Mady Maguire

Little Rock

Watch out for Social Security

The Wolf of Wall Street is going to eat our Social Security. Real- estate tycoon President-elect Donald Trump and Ayn Rand-fanatic House Speaker Paul Ryan will surely see to it that former President George W. Bush's dream of funneling Social Security funds to Wall Street comes true. Remember Bush's 2005 State of the Union address: "As we fix Social Security ... the best way to reach that goal is through voluntary personal retirement accounts." Thank God Bush failed! Right? Had he succeeded, millions of Americans would already have lost their retirement accounts on scams like Trump University and Trump real estate. Even worse, all that money would be gone from the national Social Security fund and retiree benefits would be a fraction of what they are today. Trump and Paul have at least four years to make this scenario come true.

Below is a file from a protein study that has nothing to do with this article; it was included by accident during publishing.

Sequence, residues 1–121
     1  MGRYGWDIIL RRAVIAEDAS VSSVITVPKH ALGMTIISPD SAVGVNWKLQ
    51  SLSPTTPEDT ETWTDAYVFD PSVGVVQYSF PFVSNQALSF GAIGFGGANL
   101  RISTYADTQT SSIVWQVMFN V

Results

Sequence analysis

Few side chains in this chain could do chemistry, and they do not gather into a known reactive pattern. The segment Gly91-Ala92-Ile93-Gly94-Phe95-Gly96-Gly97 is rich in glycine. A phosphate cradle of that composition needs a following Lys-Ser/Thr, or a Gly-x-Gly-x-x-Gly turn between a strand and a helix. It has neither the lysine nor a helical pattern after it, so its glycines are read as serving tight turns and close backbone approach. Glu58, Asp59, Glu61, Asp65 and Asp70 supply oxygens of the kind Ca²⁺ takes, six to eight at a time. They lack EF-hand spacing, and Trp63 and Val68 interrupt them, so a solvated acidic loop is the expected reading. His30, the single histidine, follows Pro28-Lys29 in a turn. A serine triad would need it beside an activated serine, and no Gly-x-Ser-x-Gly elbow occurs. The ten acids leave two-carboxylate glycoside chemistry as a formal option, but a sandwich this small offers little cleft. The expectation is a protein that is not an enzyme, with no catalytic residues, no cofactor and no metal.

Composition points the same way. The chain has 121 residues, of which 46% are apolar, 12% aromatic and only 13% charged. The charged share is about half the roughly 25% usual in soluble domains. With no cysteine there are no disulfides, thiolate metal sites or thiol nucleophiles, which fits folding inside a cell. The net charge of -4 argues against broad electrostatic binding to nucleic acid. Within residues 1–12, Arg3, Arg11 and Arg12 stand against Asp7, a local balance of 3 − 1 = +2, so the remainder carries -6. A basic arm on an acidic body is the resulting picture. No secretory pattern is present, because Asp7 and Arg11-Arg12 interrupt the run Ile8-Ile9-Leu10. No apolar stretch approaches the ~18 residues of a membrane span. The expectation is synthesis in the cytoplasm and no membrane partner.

Seriously, when FDR presented the New Deal to America in his first term, Republicans opposed Social Security. FDR insisted that Social Security payments should be drawn straight from our paychecks, and he crowed, "With those taxes in there, no damned politician can ever scrap my Social Security program." However, Republican presidents have been known to borrow heavily from the Social Security fund.

The Wolf of the White House might not "scrap" our Social Security funds, but he sure will gobble them up.

Gene Mason

Jacksonville

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Brant Collins named Group Travel Manager for Arkansas Department of Parks and Tourism

Brant Collins named Group Travel Manager for Arkansas Department of Parks and Tourism

Collins to work toward increasing visitation to Arkansas by groups and promoting the state's appeal